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Municipal Separate Storm Sewer System


The New York City Department of Environmental Protection East of Hudson (NYCDEP EOH) Watershed is a Municipal Separate Storm Sewer System (MS4) regulated by the New York State Department of Environmental Conservation (NYSDEC). As a regulated MS4, the NYCDEP EOH is required to comply with its Phase II Storm Water Management Plan.

MS4 Annual Report

The Draft 2017-2018 MS4 Annual Report

The 2016-2017 MS4 Annual Report

The 2015-2016 MS4 Annual Report

MS4 Interim Report

The 2017 MS4 Interim Report is now available online.

The 2016 MS4 Interim Report

MS4 Notice of Intent

The MS4 Notice of Intent is now available online.

Programs and Practice Measures

The Phase II Stormwater regulations require NYCDEP EOH to implement programs and practices to control stormwater runoff that may be polluted. These have six minimum measures:

  1. Public education and outreach
  2. Public involvement and participation
  3. Illicit discharge detection and elimination
  4. Construction site stormwater runoff control
  5. Post construction stormwater management practices
  6. Pollution prevention and good housekeeping

Stormwater from a rain event or melting snow can pick up and move sediment and a variety of pollutants. Because the stormwater transports whatever is left on our lawns and roads, individual actions make a difference in determining the kinds and amounts of pollution.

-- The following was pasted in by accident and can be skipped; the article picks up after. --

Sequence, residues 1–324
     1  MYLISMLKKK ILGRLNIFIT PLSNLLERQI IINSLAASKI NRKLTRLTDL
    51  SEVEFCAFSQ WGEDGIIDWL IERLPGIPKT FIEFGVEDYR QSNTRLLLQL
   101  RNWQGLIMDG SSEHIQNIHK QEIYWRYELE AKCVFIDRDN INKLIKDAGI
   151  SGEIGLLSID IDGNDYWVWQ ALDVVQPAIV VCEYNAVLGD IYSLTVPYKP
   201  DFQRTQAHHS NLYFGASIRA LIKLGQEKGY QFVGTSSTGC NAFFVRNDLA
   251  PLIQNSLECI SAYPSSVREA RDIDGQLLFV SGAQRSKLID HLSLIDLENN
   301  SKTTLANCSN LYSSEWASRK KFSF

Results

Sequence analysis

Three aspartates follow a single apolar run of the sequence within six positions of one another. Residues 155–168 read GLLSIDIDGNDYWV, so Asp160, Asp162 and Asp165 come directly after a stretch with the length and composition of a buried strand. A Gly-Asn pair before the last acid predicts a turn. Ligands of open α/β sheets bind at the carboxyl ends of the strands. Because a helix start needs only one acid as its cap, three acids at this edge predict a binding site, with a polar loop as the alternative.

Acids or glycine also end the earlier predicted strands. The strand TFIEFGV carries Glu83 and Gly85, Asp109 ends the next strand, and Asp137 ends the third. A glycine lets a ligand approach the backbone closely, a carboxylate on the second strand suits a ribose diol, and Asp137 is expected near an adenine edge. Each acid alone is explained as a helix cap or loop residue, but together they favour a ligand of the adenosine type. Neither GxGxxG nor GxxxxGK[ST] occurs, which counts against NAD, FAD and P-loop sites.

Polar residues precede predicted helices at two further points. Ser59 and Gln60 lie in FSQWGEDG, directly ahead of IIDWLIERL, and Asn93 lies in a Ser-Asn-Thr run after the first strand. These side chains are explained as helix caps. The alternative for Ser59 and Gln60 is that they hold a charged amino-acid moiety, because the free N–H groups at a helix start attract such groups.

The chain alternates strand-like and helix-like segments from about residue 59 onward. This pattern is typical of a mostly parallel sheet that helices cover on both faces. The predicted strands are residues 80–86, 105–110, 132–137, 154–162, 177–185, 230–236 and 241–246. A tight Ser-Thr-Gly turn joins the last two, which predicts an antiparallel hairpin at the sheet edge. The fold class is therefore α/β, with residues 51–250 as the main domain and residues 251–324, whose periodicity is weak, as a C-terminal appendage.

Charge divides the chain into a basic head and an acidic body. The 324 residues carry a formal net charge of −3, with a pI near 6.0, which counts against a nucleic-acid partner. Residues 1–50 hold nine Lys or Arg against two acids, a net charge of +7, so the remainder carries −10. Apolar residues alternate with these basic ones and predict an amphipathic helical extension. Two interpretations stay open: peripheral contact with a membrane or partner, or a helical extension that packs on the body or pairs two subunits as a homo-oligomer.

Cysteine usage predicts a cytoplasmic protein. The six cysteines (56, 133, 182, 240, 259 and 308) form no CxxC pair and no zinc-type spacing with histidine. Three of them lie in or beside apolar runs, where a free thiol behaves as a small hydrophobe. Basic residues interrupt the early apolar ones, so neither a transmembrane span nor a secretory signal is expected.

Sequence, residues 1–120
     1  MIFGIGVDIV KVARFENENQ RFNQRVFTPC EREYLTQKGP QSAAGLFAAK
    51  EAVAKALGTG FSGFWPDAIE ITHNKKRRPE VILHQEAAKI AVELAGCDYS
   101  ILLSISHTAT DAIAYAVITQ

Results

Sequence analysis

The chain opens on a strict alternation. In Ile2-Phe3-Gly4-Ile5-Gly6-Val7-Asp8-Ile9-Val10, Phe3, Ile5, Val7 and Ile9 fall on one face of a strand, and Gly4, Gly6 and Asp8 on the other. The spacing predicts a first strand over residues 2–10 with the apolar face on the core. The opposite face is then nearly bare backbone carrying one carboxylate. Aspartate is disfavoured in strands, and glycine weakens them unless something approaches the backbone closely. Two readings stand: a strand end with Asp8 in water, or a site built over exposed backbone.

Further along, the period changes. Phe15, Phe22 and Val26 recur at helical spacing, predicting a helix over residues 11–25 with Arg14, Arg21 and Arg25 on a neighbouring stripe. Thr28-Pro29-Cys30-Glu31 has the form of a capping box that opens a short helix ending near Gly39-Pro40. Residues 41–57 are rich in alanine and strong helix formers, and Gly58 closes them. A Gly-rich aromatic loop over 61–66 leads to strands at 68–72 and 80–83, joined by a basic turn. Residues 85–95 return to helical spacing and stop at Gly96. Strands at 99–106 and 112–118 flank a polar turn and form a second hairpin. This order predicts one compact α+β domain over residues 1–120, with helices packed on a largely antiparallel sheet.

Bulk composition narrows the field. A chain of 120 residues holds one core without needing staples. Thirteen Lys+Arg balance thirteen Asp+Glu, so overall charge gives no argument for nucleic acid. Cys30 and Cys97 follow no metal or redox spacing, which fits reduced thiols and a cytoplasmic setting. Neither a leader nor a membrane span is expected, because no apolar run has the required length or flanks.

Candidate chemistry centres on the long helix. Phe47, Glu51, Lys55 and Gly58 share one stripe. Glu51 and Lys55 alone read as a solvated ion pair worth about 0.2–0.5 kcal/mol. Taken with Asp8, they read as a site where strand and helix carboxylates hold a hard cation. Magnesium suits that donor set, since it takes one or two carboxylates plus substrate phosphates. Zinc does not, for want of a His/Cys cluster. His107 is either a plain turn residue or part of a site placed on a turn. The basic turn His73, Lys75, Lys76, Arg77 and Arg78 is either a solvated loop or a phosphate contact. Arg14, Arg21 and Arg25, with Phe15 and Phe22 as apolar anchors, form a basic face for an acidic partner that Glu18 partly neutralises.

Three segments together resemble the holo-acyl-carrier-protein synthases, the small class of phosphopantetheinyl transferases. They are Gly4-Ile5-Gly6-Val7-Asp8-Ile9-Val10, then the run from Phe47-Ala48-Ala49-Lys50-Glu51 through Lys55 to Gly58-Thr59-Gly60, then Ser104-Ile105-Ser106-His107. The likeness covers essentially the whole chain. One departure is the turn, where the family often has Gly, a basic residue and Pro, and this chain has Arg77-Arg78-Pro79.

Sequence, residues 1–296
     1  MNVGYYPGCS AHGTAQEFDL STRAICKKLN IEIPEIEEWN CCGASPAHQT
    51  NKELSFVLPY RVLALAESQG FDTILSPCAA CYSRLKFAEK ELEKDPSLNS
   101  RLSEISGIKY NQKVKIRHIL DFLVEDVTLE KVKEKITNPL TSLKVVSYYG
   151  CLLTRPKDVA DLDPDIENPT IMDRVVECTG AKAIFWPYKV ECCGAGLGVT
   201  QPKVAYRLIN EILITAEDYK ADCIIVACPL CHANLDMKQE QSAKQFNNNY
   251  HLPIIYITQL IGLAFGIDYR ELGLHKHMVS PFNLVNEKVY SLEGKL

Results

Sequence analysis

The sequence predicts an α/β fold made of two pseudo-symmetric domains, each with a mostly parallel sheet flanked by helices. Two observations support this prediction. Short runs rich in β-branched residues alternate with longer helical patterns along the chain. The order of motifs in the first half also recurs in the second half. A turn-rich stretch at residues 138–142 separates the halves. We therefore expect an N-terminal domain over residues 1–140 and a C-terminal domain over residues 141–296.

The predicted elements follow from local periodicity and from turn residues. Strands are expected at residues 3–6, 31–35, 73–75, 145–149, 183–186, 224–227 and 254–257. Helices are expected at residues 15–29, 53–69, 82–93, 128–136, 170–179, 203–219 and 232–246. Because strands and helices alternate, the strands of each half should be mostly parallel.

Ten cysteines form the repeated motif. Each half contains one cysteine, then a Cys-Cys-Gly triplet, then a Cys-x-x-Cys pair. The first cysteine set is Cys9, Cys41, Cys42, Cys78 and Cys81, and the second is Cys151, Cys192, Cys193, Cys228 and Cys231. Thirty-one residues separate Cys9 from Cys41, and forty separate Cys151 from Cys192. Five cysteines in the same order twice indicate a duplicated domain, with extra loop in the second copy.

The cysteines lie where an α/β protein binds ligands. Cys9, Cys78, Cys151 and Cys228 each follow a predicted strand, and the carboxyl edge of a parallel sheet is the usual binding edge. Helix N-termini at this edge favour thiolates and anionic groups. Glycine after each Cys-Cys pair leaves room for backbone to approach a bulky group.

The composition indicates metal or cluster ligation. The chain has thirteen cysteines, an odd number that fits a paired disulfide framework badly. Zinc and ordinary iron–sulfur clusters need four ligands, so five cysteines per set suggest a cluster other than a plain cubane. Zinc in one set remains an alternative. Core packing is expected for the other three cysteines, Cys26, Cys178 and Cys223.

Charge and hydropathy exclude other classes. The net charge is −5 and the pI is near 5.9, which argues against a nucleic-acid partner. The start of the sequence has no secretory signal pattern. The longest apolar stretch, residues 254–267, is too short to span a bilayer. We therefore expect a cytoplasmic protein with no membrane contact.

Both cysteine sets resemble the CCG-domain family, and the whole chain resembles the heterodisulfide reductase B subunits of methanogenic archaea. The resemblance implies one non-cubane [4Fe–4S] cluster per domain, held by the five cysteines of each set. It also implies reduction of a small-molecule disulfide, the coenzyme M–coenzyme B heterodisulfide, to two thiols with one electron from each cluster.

In the EOH Watershed, the main pollutant of concern is phosphorus.

You can also learn more about pollution prevention practices by visiting the NYSDEC website at

The NYCDEP EOH has established a stormwater hotline so that any illegal dumping or discharges to any storm sewers can be reported by calling (914) 232-8642 and (845) 334-7185, or by email

Understanding the Phosphorous Issue

Understanding the Phosphorous Issue
Introduction of phosphorous into freshwater systems often leads to eutrophication, which is a condition where high nutrient levels lead to excessive production of algae and macrophytes in aquatic systems.
Learn more
An Informative Guide on Phosphorus


Stormwater in the Watershed
Stormwater is generated by rain or snow that runs off a land surface such as saturated soils or impervious (non-porous) surfaces like roof tops and parking lots. Many contaminants can be found in stormwater including sediment, metals, oils, nutrients, bacteria and viruses.
Learn more

Stormwater Management Programs

Stormwater Management Programs in the Watershed
Given that New York City’s Watershed Regulations require strict management of stormwater, DEP works with local partners to implement a variety of stormwater management programs that assist businesses and communities with meeting enhanced regulatory requirements.
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Reservoir Levels

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Normal: %